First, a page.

Third World

DEFINITION of 'Third World'

A phrase commonly used to describe a developing nation, but actually started as term used to describe a country's allegiance. A Third World country is a country whose views are not aligned with NATO and capitalism or the Soviet Union and communism. The use of the term Third World started during the Cold War and was used to identify which of three categories the countries of the world aligned with. The First World meant that you aligned withe NATO and capitalism, and the Second World meant you supported Communism and the Soviet Union.

BREAKING DOWN 'Third World'

Developing nations are commonly referred to as Third World. These developing countries can be found in Asia, Africa, Oceania and Latin America. These countries were at one point colonies which were formally lead by imperialism. The end of imperialism forced these colonies to survive on their own. With lack of support, these colonies started to develop characteristics such as poverty, high birthrates and economic dependence on other countries. The term was then affiliated to the economic situation of these former colonies and not their social alliances to either capitalism or communism.


RELATED TERMS
  1. Capitalism

    A system of economics based on the private ownership of capital ...
  2. Fourth World

    These are the most underdeveloped regions in the world. The Fourth ...
  3. Alternative Investment Market - ...

    A sub-market of the London Stock Exchange that permits smaller ...
  4. Communism

    A political and economic ideology based on communal ownership ...
  5. Developed Economy

    While there is no one, set definition of a developed economy ...
  6. World Bank Group

    Five international organizations dedicated to providing financial ...
Related Articles
  1. Economics

    What Is An Emerging Market Economy?

    Emerging markets provide new investment opportunities, but there are risks - both to residents and foreign investors.
  2. Options & Futures

    Evaluating Country Risk For International Investing

    Investing overseas begins with determining the risk of the country's investment climate.
  3. Fundamental Analysis

    An Evaluation Of Emerging Markets

    Get the full story on this asset class before you write it off as too risky.
  4. Economics

    The Wealth Gap: Developing Nations Are Catching Up

    The difference between rich, developed nations and poor, developing nations is shrinking. Find out what this means for you.
  5. Options & Futures

    An Introduction To Emerging Market Bonds

    The rewards associated with this fixed-income asset are significant, but so are the risks.
  6. Investing News

    How Interest Rates Can Go Negative

    Central banks from Europe to Japan have implemented a negative interest rate policy (NIRP) in order to stimulate economic growth.
  7. Economics

    How Bernie Sanders Has Avoided Big Money (Mostly)

    Bernie Sanders hasn't entirely avoided PACs with his fundraising, but he has gotten a lot of bang for the buck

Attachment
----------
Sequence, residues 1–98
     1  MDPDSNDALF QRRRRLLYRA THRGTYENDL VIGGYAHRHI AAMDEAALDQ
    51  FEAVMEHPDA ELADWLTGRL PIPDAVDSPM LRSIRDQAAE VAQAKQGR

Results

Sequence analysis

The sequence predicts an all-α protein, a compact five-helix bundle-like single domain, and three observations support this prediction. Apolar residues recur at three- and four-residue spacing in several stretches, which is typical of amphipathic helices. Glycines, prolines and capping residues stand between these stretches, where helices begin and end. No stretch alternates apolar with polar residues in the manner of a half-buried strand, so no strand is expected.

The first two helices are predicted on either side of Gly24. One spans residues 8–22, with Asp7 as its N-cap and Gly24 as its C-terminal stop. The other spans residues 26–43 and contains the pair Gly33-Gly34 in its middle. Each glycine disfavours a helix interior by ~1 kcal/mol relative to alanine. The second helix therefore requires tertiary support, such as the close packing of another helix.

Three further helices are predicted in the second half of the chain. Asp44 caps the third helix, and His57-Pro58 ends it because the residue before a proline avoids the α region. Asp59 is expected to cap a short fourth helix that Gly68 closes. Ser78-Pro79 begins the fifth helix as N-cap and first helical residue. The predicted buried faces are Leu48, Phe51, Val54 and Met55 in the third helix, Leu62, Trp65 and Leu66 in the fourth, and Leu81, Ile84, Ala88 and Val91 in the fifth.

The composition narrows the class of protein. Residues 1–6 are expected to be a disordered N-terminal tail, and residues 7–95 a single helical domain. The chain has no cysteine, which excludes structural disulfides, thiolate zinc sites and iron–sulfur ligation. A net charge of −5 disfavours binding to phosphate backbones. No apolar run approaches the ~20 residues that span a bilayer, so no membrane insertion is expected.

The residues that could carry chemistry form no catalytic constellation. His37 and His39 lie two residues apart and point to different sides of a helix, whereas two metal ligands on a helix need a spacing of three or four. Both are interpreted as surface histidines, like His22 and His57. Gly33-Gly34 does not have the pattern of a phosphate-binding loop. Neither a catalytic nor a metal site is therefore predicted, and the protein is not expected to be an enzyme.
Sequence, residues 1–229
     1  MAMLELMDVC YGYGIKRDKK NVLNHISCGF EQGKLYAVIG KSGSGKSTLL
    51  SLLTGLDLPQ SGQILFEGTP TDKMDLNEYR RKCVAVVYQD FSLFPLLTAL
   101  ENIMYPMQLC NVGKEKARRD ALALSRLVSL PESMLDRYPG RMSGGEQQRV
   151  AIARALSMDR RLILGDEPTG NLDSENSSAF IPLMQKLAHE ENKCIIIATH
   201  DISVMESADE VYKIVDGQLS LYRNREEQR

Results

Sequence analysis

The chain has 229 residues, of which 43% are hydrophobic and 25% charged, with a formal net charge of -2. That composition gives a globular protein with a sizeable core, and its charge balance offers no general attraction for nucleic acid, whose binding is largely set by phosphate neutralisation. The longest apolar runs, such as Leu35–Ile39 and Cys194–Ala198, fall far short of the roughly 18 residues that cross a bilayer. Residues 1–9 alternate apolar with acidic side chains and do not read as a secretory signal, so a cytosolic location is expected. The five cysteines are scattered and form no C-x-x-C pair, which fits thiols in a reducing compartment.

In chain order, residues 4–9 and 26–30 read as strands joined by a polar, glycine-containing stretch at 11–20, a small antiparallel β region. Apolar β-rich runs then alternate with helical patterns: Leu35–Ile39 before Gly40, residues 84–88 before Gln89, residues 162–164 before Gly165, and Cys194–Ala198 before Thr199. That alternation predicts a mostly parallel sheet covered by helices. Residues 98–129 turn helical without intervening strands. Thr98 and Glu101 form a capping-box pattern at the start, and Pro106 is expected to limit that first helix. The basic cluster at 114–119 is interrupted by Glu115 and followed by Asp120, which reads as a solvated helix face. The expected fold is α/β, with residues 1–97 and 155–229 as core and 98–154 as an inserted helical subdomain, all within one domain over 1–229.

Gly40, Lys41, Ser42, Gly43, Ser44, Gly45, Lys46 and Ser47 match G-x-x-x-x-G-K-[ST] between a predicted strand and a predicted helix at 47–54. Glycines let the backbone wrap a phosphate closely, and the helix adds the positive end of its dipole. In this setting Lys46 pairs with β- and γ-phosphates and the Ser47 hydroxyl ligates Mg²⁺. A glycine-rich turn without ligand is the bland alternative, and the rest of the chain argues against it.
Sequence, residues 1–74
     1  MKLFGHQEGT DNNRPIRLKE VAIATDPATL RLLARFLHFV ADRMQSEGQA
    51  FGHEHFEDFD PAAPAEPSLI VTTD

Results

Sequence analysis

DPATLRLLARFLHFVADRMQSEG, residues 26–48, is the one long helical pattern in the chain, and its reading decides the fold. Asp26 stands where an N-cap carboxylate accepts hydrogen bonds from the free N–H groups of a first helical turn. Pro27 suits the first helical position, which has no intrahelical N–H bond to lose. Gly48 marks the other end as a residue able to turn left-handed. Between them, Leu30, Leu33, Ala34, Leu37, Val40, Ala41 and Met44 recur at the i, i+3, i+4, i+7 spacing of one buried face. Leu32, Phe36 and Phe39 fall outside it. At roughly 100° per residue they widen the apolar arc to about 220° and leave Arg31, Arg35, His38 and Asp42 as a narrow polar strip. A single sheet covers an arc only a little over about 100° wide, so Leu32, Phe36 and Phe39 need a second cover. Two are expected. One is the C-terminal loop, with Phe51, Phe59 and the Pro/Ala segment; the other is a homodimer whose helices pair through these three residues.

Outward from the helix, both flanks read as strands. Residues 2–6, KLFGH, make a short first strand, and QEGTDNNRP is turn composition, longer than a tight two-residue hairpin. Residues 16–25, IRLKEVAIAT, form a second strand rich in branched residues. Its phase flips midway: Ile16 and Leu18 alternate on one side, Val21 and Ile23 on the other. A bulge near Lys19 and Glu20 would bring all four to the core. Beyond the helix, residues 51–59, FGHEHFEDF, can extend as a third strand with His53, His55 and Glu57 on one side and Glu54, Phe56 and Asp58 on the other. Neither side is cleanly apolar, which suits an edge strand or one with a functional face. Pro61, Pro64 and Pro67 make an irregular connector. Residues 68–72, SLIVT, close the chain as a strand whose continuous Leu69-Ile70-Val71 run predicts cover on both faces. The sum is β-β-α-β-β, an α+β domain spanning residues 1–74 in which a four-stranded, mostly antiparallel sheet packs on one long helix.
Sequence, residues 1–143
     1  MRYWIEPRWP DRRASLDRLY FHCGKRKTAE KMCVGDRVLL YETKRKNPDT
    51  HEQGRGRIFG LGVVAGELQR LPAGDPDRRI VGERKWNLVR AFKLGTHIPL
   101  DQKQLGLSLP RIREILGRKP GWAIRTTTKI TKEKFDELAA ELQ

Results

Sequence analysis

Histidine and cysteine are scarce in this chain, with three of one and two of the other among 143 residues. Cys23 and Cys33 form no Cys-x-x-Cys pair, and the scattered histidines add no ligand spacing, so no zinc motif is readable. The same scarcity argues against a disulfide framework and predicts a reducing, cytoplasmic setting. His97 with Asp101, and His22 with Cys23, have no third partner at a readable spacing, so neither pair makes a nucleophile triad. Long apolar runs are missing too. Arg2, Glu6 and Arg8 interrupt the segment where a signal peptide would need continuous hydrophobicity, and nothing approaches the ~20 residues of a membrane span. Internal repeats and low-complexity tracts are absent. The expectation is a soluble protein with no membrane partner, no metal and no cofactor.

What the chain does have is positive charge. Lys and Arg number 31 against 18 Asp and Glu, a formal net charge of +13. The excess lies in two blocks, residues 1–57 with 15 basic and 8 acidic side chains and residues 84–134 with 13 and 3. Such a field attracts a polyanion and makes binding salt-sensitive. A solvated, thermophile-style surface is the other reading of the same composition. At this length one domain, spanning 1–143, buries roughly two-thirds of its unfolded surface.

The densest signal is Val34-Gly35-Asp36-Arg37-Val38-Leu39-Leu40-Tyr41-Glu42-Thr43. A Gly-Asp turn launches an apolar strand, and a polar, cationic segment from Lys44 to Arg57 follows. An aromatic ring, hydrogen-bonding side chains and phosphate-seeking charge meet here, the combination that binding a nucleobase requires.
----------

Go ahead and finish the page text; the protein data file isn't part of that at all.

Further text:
8. Investing News

    Obama Wants to Double Wall Street Regulation

    President Obama wants to double the budgets of the SEC and the CFTC over the next five years.
  9. Economics

    Does Big Money Hurt or Help Clinton and Rubio?

    Marco Rubio and Hillary Clinton lead their parties in raising money from Wall Street. Is that a help or a hindrance?
  10. Economics

    The Delicate Dance of Inflation and GDP

    Investors must understand inflation and gross domestic product, or GDP, well enough to make decisions without becoming buried in data.
RELATED FAQS
  1. What is a derivative?

    A derivative is a contract between two or more parties whose value is based on an agreed-upon underlying financial asset, ... Read Full Answer >>
  2. What is comparative advantage?

    Comparative advantage is an economic law that demonstrates the ways in which protectionism (mercantilism, at the time it ... Read Full Answer >>
  3. What is securitization?

    Securitization is the process of taking an illiquid asset, or group of assets, and through financial engineering, transforming ... Read Full Answer >>
  4. How does the Wall Street Journal prime rate forecast work?

    The prime rate forecast is also known as the consensus prime rate, or the average prime rate defined by the Wall Street Journal ... Read Full Answer >>
  5. What's the difference between microeconomics and macroeconomics?

    Microeconomics is generally the study of individuals and business decisions, macroeconomics looks at higher up country and ... Read Full Answer >>
  6. Can hedge funds trade penny stocks?

    Hedge funds can trade penny stocks. In fact, hedge funds can trade in just about any type of security, including medium- ... Read Full Answer >>
Hot Definitions
  1. Inverted Yield Curve

    An interest rate environment in which long-term debt instruments have a lower yield than short-term debt instruments of the ...
  2. Socially Responsible Investment - SRI

    An investment that is considered socially responsible because of the nature of the business the company conducts. Common ...
  3. Presidential Election Cycle (Theory)

    A theory developed by Yale Hirsch that states that U.S. stock markets are weakest in the year following the election of a ...
  4. Super Bowl Indicator

    An indicator based on the belief that a Super Bowl win for a team from the old AFL (AFC division) foretells a decline in ...
  5. Flight To Quality

    The action of investors moving their capital away from riskier investments to the safest possible investment vehicles. This ...
Trading Center